Incoming Garden Bros. Circus Show Violates Law, PETA Says

Ban on Possession of Dangerous Animals Means Elephant-Free Show Is Required of Repeat Offender, Says Group

For Immediate Release:
May 14, 2018

Contact:
David Perle 202-483-7382

Saginaw, Mich. – Citing a local ordinance making it illegal to possess dangerous wild animals, including elephants, PETA sent a letter today urging the Village of Birch Run to require Garden Bros. Circus—which has a history of animal-welfare violations and an “F” rating from the Better Business Bureau—to perform without elephants at its scheduled show on May 17. The village manager and chief of police have previously declined to take any action, claiming—without legal basis—that the ordinance applies only to residents.

“Elephants used by circuses have endured vicious beatings to break their spirits, but they’re still dangerous wild animals who sometimes run amok with disastrous consequences,” says PETA Foundation Deputy Director Rachel Mathews. “PETA is calling on officials to enforce the town’s ordinance by barring elephant acts and urges members of the public to stay away from these cruel spectacles for the animals’ and their own safety.”

PETA’s motto reads, in part, that “animals are not ours to use for entertainment.” For more information, please visit PETA.org.

PETA’s letter to Birch Run Village Manager Paul Moore follows.

May 14, 2018

Paul Moore

Village Manager, Village of Birch Run

Dear Mr. Moore,

I’m writing on behalf of PETA to again request that the Village of Birch Run enforce its ordinance banning the possession of wild animals by requiring that the notoriously cruel Garden Bros. Circus perform without elephants when it’s in town this week.

Starting in infancy, after being torn away from their mothers, elephants used in circuses undergo violent training sessions. For example, the head trainer at Carson & Barnes Circus, the outfit that leases elephant acts to Garden Bros., was filmed attacking elephants with a weapon called a bullhook and shocking them with an electric prod while they screamed during a training session.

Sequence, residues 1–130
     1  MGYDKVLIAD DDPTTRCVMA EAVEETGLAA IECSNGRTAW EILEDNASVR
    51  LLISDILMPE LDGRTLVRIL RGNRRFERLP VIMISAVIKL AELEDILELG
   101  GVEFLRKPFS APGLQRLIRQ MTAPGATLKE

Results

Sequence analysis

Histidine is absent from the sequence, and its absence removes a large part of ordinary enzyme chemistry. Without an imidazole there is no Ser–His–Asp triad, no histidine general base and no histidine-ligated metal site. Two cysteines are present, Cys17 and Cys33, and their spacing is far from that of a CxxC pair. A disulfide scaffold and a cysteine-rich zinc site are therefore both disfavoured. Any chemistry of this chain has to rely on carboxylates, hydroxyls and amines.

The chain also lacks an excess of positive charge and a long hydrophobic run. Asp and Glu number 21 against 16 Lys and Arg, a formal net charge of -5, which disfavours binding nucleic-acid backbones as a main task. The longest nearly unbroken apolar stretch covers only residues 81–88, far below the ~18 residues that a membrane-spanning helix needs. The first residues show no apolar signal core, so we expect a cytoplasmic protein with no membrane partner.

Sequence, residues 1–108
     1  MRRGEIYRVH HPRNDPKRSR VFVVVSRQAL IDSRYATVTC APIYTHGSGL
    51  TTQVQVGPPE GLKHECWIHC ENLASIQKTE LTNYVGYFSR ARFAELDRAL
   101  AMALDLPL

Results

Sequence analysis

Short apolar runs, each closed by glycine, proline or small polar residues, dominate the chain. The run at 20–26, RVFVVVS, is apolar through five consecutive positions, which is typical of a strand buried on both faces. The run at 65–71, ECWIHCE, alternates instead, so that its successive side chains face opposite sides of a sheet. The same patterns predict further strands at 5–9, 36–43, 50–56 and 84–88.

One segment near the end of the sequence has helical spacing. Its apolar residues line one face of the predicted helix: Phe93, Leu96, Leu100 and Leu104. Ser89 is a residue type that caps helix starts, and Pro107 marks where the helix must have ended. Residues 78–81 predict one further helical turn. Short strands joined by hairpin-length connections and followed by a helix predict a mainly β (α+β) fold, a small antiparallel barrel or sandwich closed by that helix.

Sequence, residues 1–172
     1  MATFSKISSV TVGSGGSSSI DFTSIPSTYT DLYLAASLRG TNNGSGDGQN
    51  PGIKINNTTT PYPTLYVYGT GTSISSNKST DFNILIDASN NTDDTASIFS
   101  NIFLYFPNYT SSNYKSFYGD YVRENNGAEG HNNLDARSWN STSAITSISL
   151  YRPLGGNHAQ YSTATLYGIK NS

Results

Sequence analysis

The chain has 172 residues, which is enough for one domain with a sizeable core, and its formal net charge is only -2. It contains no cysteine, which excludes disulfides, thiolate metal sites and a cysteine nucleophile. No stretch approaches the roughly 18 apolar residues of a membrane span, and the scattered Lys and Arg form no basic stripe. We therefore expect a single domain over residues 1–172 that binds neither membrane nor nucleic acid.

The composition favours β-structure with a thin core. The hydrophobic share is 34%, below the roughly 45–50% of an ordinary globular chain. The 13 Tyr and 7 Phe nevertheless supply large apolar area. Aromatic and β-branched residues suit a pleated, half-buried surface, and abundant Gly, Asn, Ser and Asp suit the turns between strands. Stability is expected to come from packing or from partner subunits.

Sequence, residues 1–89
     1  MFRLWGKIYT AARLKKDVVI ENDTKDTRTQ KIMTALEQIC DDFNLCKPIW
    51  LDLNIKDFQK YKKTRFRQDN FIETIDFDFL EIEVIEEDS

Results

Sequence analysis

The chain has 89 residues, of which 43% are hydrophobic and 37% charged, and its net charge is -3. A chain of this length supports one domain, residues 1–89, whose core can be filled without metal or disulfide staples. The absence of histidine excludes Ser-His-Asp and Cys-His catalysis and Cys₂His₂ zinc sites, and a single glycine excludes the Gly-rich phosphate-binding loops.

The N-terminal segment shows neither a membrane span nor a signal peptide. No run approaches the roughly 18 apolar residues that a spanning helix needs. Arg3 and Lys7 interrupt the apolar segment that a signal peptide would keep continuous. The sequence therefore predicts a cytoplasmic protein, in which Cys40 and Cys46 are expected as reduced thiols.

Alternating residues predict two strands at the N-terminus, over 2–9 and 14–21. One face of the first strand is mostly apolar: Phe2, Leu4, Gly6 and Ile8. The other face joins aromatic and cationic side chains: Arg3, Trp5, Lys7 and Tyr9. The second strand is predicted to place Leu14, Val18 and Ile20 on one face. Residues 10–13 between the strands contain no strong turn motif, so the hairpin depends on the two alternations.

But no amount of training can overcome the natural instincts of a sensitive, multiton wild animal. Dangerous interactions with captive elephants have resulted in dozens of human deaths or catastrophic injuries—including amputations, broken bones, crushed pelvises, collapsed and punctured lungs, degloving injuries, head wounds, and brain injuries. There is no way to predict which elephant will lash out and when.

The elephants used by Garden Bros, Isa and Viola, have made this clear. Isa was filmed being beaten back by handlers when they lost control of her at a circus venue, and once escaped from a circus and remained at large for weeks before being recaptured. Viola once ran off after being spooked by a rabbit and fell into a ravine. Both elephants were distressed by audience noise and escaped from a circus in 2014. They ran amok for nearly an hour, injuring themselves and causing damage to the venue and its guests’ cars in the parking lot.

Village of Birch Run Code § 90.03(c) makes it illegal, without exception, to harbor an animal who “constitutes a danger to human life, physical well being or property, including … elephants.” Yet you say the Village will not enforce the ban because, in your opinion, it should apply only to residents. By permitting an out-of-town circus—which the Better Business Bureau has warned has an “F” rating—to flout the law, you are allowing the community to be put at risk and doing a disservice to the elephants.

PETA urges Birch Run to join the growing list of towns that have enforced their own public safety ordinances by barring Garden Bros. from using elephants—including Little Falls, Minnesota; Rio Rancho, New Mexico; Norfolk, Virginia; and more. Thank for your time and consideration.

Very truly yours,

Rachel Mathews, Esq.

Deputy Director | Captive Animal Law Enforcement

cc:        Jason Leidel, Chief of Police, Village of Birch Run

 

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“Almost all of us grew up eating meat, wearing leather, and going to circuses and zoos. We never considered the impact of these actions on the animals involved. For whatever reason, you are now asking the question: Why should animals have rights?” READ MORE

— Ingrid E. Newkirk, PETA President and co-author of Animalkind